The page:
INDIANAPOLIS — An Indiana prosecutor is facing mounting criticism for declining to pursue court hearings that could have prevented a man from accessing the guns used to shoot and kill eight people at a FedEx facility in Indianapolis.
The leader of the Indianapolis police union said Marion County Prosecutor Ryan Mears “failed to do his part” when he chose not to bring Brandon Scott Hole before a judge for a hearing under Indiana’s “red flag” law, even after his mother called police last year to say her son might pursue “suicide by cop.”
“Unfortunately, the lack of action by the Marion County prosecutor prevented a court hearing, which could have … prohibited the suspect from owning … any other firearms,” Indianapolis Fraternal Order of Police President Rick Snyder said. “Why didn’t the prosecutor seek the hearing that the statute requires? Why didn’t the prosecutor use all the legal tools available? Why didn’t the prosecutor try?”
The law allows police to confiscate guns from a person deemed dangerous to themselves or others. Prosecutors can then decide whether to ask a court to ban that person from buying any other firearms.
The law came under scrutiny following the assault after Mears criticized it for having too many “loopholes.” Despite calls from Democratic lawmakers’ to review and strengthen the red flag provisions, those actions were put on hold. The 2021 legislative session ended Thursday.
Police seized a pump-action shotgun from Hole, then 18, in March 2020 after they received the call from his mother. Mears said Monday that prosecutors did not seek a “red flag” hearing to try to prevent Hole from possessing a gun because they did not have enough time under the law to definitively demonstrate his propensity for suicidal thoughts.
Mears specifically pointed to a 2019 change in the law that requires courts to make a “good-faith effort” to hold a hearing within 14 days. An additional amendment requires authorities to file an affidavit with the court within 48 hours.
“This individual was taken and treated by medical professionals and he was cut loose,” and was not even prescribed any medication, Mears said. “The risk is, if we move forward with that (red flag) process and lose, we have to give that firearm back to that person. That’s not something we were willing to do.”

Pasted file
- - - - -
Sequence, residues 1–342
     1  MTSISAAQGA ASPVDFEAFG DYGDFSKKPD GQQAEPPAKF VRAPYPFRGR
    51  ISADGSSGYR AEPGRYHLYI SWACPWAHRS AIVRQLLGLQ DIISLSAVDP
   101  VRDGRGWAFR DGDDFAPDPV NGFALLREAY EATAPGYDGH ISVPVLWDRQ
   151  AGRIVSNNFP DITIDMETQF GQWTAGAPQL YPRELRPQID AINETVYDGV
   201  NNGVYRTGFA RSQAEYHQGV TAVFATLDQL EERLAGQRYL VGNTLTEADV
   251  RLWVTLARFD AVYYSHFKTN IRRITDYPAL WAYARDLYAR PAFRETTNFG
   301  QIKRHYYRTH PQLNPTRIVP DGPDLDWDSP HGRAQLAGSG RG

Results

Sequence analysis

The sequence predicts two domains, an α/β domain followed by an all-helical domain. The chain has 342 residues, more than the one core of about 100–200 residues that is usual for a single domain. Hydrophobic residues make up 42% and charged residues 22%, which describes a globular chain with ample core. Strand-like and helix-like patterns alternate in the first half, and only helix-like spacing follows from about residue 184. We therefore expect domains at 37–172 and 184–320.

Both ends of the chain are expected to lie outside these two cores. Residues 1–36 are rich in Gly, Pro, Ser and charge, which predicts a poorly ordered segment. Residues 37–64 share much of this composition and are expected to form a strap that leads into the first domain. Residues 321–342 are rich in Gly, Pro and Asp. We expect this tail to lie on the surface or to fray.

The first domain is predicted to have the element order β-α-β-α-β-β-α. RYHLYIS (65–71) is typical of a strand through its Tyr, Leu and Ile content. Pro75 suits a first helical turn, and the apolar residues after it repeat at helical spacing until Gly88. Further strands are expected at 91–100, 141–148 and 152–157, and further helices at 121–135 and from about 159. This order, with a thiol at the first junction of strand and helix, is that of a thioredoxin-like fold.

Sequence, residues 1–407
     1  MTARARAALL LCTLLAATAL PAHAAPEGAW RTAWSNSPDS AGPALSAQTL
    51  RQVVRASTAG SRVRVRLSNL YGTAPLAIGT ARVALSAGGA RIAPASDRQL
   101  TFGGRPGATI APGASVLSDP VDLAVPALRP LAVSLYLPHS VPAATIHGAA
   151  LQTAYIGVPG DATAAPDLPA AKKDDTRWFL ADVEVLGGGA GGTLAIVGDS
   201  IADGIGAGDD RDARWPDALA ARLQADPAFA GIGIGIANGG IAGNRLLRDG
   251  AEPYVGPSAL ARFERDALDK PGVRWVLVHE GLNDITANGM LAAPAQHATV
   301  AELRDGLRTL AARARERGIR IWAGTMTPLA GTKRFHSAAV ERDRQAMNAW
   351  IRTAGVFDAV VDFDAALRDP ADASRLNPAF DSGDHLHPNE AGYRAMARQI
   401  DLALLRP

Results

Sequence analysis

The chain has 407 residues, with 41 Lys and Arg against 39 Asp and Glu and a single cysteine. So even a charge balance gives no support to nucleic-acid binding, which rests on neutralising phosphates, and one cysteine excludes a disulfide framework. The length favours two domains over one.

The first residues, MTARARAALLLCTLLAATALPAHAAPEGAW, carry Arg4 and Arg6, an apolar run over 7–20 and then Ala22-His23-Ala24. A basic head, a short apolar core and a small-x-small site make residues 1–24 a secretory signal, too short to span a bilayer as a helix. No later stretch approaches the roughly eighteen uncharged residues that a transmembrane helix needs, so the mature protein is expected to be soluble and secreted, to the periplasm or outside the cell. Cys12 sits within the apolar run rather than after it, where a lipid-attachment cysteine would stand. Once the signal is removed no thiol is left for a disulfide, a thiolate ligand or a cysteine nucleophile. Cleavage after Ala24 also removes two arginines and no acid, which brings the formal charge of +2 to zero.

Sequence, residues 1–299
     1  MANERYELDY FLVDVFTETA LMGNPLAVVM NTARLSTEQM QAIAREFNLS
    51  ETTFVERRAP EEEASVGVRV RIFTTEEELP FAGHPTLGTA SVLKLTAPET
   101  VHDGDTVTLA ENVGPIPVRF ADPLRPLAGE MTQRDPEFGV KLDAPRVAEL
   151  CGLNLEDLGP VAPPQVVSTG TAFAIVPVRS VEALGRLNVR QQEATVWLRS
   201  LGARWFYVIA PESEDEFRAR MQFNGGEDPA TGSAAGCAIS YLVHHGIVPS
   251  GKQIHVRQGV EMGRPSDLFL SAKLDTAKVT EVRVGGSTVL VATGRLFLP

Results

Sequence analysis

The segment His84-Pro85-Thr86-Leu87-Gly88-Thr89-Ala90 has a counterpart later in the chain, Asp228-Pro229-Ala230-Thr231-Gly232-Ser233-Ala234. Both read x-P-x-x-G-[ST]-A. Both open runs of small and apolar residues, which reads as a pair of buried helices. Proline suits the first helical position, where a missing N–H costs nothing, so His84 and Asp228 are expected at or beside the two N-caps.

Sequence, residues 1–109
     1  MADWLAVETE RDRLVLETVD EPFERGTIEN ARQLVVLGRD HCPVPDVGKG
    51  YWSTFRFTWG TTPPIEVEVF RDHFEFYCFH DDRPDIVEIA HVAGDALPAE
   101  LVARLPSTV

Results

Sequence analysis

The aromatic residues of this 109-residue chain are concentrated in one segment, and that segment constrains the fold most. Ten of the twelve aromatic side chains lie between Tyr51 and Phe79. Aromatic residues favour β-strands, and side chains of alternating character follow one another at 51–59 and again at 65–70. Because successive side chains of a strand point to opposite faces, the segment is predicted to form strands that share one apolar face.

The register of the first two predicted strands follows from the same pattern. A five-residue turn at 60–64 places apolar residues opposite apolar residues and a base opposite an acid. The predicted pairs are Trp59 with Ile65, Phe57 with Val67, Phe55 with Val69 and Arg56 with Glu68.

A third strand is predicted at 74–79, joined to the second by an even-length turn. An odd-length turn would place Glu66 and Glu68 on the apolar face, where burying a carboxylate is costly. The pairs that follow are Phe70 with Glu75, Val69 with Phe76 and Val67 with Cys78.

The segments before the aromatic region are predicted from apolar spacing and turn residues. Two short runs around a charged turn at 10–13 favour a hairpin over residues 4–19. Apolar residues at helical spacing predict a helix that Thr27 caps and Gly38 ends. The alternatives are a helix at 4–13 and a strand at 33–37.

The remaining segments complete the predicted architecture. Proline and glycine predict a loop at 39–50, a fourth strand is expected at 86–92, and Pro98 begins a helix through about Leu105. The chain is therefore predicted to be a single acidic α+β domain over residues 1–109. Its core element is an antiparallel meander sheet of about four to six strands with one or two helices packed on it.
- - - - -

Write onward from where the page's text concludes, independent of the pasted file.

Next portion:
Indianapolis police previously said that they never returned that shotgun to Hole. Authorities have said he used two “assault-style” rifles to gun down eight people, four of them from the city’s Sikh community, at the FedEx facility on April 15 before he killed himself.
Members and leaders of the Sikh community have demanded that law enforcement conduct a “thorough” and “transparent” investigation, including a probe into the possibility of bias as Hole’s motivation, said Satjeet Kaur, Executive Director of the Sikh Coalition. Those calls have so far avoided direct criticism of Mears, however.
“If it is determined that there was a failure in this law that could have prevented this tragedy from happening, the law should be fixed,” Kaur said. “If the law was incorrectly implemented as written, the parties responsible must be held accountable.”
Republican state Sen. Erin Houchin, who sponsored the 2019 changes to Indiana’s red flag law, said it “could have worked just as it should” in the Hole case.
“I think that had the prosecutor followed the red flag procedure in this case, then this 19-year-old might have not been able to purchase a second firearm after the family did voluntarily turn over that weapon,” Houchin said.
Mears did not return messages Friday seeking additional comment.
Indiana law does not mandate prosecutors to pursue court hearings in red flag law cases. Houchin said she would consider amending language to “firm up” that process, but only after more facts surrounding the shooting come to light.
Snyder said the Indianapolis Metropolitan Police Department has made at least 45 red flag referrals to the prosecutor’s office so far this year. Mears said Monday that his office had filed eight red flag petitions since January. All are still awaiting rulings.
“The prosecutor appears to have raised the suggestion that the system failed, but I would point out that in this instance, the system didn’t fail,” Synder said. “A loophole did not thwart this opportunity, instead the process was sidestepped.”